MONDO EXTRAS

Alfred Hitchcock Presents: You Gotta Have Luck

Just then, when things couldn't get any more suspenseful, we hear a beep from a car horn. Cobbett drags Mary to the window and she looks out. He yells, "Who is it?" and she doesn't reply, so he shakes her and she looks at him and he asks again. It's her neighbor, Mrs. Martin, and her little girl. Cobbett tells her not to let Mrs. Martin in, and to get rid of her. They rush around the kitchen, Mary to the door as Cobbett hops up on the kitchen counter beside it. Okay, now that's a little dramatic. He holds the knife to her throat and tells her not to let Mrs. Martin get wise to anything. I bet Mary is sorry she ever made that pie.

Mrs. Martin, an overly friendly seeming sort, approaches the screen door. She calls Mary "honey" and asks how "every little thing" is, and if Dave's home. When she discovers he's not, she answers, "Well, no matter." Do people really say that? I guess they did in the '50s. She then says that she just wanted to see Dave because her pullets ain't layin' worth a lick. A pullet, I have discovered, is a young chicken. However, this talk seems like code to me. And then, I totally thought I had discovered what was very odd about our heroine. Home alone. Baking pies. Nothing but the rolling pin mounted on the wall to keep you company. Who could blame a woman for taking comfort in a neighborly blonde who gives you free eggs? Let's continue. Mrs. Martin tries to open the screen door and finds it locked. She asks Mary to let her in. Mary says that she has a cold and wouldn't want Susie to catch it. Or for Mrs. Martin to catch it after hours of tabletop lovemaking, made more erotic by the presence of leftover flour scattered about. Mrs. Martin says that Susie's the healthiest kid who ever lived, and you couldn't give her a cold if you tried. Yes, I'm sure "Susie" is. Mrs. Martin continues that they was [sic] on the way to town and thought they'd stop for a cup of coffee and see if Mary needed anything. Oh, she needs it. She needs it but good.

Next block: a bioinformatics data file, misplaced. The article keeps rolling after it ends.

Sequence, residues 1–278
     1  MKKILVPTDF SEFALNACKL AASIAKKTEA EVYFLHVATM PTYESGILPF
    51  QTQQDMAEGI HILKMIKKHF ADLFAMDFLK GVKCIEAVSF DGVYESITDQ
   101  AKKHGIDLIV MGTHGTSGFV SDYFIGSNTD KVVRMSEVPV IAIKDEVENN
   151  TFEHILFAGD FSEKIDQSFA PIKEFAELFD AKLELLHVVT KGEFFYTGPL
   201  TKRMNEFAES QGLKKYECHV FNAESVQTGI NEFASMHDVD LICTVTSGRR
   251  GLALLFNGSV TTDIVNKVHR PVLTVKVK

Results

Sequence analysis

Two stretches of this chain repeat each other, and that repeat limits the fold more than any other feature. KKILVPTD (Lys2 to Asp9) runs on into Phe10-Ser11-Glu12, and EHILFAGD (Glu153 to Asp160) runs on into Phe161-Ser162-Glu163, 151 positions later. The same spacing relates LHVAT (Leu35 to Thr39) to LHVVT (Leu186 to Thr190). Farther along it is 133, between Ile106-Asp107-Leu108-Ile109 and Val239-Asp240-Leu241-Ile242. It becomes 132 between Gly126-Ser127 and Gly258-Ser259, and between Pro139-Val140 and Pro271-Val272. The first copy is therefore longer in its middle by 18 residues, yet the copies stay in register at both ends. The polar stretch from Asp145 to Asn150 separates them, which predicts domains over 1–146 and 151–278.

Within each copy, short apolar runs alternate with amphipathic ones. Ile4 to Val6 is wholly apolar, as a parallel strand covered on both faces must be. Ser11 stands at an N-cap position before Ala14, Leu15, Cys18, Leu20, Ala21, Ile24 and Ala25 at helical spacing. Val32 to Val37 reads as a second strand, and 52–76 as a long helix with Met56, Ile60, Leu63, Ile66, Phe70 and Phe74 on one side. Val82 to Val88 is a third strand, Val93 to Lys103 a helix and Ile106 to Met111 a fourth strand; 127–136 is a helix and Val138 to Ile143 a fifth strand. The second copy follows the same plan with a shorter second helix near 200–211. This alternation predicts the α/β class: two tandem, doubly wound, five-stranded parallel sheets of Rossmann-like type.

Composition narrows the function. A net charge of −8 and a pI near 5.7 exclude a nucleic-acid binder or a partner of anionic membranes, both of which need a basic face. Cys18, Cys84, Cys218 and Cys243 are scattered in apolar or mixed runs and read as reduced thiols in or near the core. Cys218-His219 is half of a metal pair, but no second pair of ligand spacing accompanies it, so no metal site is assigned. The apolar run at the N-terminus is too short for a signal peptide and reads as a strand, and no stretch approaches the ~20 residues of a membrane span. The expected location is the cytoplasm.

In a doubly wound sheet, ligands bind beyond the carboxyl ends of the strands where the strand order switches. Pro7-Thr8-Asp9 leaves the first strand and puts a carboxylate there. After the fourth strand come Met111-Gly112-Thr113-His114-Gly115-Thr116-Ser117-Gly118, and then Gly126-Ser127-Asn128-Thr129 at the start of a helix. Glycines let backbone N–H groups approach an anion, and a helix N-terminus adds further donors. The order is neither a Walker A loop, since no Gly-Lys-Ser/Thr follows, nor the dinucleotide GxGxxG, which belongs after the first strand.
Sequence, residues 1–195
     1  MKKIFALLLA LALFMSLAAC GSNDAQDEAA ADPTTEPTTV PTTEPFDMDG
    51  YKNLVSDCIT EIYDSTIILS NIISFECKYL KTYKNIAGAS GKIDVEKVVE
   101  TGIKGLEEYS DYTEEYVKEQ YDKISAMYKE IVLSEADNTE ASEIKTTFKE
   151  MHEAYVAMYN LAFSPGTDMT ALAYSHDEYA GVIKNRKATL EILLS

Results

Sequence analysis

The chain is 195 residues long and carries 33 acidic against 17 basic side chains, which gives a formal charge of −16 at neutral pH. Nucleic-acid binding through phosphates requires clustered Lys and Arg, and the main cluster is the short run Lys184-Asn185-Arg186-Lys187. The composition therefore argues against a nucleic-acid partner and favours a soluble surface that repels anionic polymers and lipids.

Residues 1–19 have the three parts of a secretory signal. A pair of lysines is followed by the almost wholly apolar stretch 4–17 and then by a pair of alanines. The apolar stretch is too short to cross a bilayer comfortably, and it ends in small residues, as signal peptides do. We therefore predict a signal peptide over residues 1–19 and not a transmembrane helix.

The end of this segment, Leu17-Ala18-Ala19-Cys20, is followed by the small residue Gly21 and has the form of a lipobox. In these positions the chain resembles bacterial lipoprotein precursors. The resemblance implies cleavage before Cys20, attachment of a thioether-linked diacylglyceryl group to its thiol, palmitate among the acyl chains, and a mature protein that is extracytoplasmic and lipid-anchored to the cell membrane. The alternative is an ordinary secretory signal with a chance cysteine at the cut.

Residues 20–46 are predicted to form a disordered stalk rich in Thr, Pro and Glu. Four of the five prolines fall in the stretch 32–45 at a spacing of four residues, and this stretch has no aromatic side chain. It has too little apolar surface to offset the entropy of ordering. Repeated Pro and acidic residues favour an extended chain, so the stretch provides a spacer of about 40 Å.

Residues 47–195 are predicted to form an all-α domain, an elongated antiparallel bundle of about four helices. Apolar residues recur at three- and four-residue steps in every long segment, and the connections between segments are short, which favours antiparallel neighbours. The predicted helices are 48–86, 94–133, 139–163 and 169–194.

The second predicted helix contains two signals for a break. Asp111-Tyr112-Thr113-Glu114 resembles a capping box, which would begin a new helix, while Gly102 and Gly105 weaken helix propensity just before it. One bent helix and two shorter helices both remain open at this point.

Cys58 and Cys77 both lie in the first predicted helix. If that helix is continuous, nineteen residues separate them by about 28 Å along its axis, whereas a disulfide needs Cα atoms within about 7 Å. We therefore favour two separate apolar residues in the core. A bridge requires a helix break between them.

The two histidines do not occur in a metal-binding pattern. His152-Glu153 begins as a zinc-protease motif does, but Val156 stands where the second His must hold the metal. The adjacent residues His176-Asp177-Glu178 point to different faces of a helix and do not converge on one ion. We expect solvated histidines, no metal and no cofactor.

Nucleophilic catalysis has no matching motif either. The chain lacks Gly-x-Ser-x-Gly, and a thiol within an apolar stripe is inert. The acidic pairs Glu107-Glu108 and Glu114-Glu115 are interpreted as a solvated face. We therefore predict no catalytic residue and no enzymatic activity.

Mary gets kind of stern in telling her not to come in. Mrs. Martin is puzzled. She asks Mary what's the matter and if she is really sick, noting that Mary looks fine. Mary stares ahead all distressed-like, and Mrs. Martin says, "Oh, I get it. Dave went off mad." She thinks he found out about their Sapphic tryst! Mrs. Martin, whose name apparently is Maude, doesn't seem too concerned about this and wants to tell Mary something about spats. I bet she does. Mary then kind of screams, "Please, Maude, I don't want to talk about it! I want you to go away, don't you understand!" That's kind of a harsh way to dump your illicit lover, isn't it? Maude thinks so. She says, "Well, I guess I was just tryin' to be neighborly. Guess I know when I'm not wanted." She looks pissed. Mary sees this and, not wanting to forsake her ain true love, apologizes. Maude then tries to come in again, and Mary has to scream again that she doesn't want to talk to her. Maude has had enough of the Anne Heche routine and heads back to the truck, saying -- wait for it -- "You ought to be paddled, you little snip. Treatin' your best friend like that." Maude is totally coming back in a half hour with a leather cat o' nine tails. Maybe this is all part of their little routine. She drives off in, like, the Flintstone car.

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Alfred Hitchcock Presents: You Gotta Have Luck